I first went to Fivelements in Bali whilst on one of my regular yoga holidays in Ubud. On that occasion I joined two friends to attend Agni Hotra, which is a fire blessing ceremony whereby one offers negative thoughts or unwanted energy into the fire to be purified or transformed into more positive energy. This healing ritual begins with meditation in the ceremonial fire space, while listening to the hotri(s), ceremony priest or facilitator as he rings the Balinese bell and chants Sanskrit mantras to evoke the Divine and blessings of health and abundance. Following the lighting of the fire, you are invited to participate by making offerings of grains, lentils and other foods into the fire. A silent meditation is shared toward the end to compliment this ancient ritual.

Now some two years later, I had been asked to visit the resort as a mystery judge for the Luxury Spa and Wellness Awards. With excitement I booked one nights accomodation and 5 spa treatments from the wonderful spa menu consisting of local balinese healing, a variety of rituals and watsu water healing. 

Fivelements opened in late 2010 as the first of a new genre of wellness destinations bridging the wisdom of traditional healing cultures with innovative wellness concepts. To date, the eco-wellness retreat has been recognised with eighteen international awards spanning across hotel, wellness, spa, culinary and sustainable design industries. 

The property sits in a small valley between the local village and the river. The central Sakti restaurant (pictured below) makes for a striking entrance and footpaths weave between soft green grass amidst the gentle sound of music to the spa, pool, movement spaces and private villas. Towering circular thatched roofs that are reminiscent of a tee-pee tent have me in a state of architectural wonder. 

Fivelements is built upon a strong approach to sustainability that includes considering; Site Sensitivity and Natural Habitat, Water, Energy, Materials, Waste and Indoor Environmental Quality. With the intention being to move operations beyond the sustainability of Green Building and into the realm of Regenerative Design.

Guided and inspired by traditional Balinese Philosophies, Fivelements draws on the principles of  Tri Hita Karana - Living in harmony with God, among humans and with nature. Tri Kaya Parisudha - Living in alignment with clean mind, clean speech and clean action. Panca Mahabhuta - a Hindu concept, which explains how internal and external forces work together and are united with the Universe. Akasa - Ether - the idea of connectedness and spaciousness.  In the body, Ether represents all the cavities and empty spaces of the body. In the mind, it represents our consciousness. Bayu - Air - the idea of motion. In the body, Air represents all movement of nerves, breath and limbs. In the mind, it is the power behind our thoughts. Teja - Fire - the idea of light, heat and transformation. In the body, Fire represents all digestion and transformation. In the mind, it represents perception and intelligence. Apah - Water - the concept of flow and fluidity. In the body, Water represents all the liquids of the body. In the mind, it represents loving and compassionate thoughts and emotions. Pertiwi - Earth - the concept of solidity. In the body, Earth represents our physical body. In the mind, it represents stability.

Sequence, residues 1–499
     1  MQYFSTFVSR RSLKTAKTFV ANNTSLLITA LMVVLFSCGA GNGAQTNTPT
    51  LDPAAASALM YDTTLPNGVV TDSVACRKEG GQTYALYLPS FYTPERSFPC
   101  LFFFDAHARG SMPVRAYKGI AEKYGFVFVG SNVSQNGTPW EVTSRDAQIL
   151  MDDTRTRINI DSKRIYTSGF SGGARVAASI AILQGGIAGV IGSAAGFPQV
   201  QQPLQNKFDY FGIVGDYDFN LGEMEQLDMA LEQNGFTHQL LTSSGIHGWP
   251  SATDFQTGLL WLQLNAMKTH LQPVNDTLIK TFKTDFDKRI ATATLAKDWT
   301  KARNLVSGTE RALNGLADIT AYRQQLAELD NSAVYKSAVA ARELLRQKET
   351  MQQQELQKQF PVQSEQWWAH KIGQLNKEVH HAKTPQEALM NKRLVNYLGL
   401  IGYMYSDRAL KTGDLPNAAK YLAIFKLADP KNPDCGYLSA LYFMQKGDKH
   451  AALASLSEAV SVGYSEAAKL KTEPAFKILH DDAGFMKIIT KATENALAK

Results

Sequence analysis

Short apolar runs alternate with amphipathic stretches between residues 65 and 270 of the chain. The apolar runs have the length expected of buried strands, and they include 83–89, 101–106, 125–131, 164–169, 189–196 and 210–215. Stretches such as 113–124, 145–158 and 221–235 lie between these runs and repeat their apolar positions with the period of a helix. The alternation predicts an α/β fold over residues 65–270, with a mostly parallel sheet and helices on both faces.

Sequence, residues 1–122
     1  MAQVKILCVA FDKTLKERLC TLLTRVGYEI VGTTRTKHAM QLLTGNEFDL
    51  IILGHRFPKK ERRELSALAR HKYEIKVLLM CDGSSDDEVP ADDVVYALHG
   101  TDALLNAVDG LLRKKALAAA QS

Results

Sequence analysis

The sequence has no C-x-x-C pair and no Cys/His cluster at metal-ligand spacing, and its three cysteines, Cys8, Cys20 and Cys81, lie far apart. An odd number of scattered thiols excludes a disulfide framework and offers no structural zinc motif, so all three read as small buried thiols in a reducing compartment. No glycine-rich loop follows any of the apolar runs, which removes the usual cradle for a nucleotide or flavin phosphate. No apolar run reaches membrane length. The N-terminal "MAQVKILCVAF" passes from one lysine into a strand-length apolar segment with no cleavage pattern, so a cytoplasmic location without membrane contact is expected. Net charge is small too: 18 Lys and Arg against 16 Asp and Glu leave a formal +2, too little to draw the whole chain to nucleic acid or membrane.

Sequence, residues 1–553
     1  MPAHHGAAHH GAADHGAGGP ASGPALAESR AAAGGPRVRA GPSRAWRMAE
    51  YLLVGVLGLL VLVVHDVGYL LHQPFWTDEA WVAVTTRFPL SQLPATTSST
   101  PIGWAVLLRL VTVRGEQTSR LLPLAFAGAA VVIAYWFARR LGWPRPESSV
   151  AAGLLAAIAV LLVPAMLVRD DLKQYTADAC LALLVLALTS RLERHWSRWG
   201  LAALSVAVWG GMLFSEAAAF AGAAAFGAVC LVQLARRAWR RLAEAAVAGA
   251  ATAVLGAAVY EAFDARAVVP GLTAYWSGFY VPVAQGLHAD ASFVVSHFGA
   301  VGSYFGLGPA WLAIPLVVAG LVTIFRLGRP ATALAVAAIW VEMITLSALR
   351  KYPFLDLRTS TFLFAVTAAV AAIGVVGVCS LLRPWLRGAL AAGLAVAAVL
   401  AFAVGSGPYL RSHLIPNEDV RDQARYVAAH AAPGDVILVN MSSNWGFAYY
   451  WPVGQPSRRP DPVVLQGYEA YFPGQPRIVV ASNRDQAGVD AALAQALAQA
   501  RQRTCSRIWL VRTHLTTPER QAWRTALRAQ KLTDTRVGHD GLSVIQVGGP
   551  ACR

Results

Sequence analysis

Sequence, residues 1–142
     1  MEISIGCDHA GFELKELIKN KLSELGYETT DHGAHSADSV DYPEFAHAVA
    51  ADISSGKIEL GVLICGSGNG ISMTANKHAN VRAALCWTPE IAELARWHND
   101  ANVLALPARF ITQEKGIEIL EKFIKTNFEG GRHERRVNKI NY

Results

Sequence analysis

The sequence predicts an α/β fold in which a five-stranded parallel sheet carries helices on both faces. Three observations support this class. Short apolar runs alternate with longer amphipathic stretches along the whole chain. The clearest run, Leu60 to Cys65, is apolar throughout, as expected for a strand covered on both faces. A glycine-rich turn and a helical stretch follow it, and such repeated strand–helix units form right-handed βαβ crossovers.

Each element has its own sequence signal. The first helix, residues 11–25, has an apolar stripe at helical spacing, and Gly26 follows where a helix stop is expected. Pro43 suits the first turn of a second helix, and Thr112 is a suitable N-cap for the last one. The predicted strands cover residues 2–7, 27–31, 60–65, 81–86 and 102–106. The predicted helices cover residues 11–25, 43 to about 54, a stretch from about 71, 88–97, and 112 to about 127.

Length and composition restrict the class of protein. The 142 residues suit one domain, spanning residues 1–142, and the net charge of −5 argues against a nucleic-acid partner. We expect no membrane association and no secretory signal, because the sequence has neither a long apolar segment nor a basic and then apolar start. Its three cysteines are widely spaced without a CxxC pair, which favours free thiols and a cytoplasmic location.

Healing rituals include a combination of meditation, deep bodywork and prana energy performed by healers whose gifted talents have been handed down through generations of Balinese families. I am not disappointed with any of my healing rituals and absolutely love the added touches that complement my spa experience. The intention and harmonising chant that begins each ritual is so beautiful and the presence of the therapist is palpable. I am massaged, energetically balanced, bathed in a tub full of fresh herbs, plants and fruits and soothed to completion with local jamu tea. The following day I have my first ever experience of Water Healing and this goes beyond anything I could imagine as my healer moves me through the water with such adeptness that all I can do is surrender, which is the entire point. 

The food is vegan delicious, the staff sweet and gentle and the wellness experience restorative and spiritually reconnecting. Certainly a beautiful option should you be looking for a private and personalised healing journey in Bali, the island of Gods.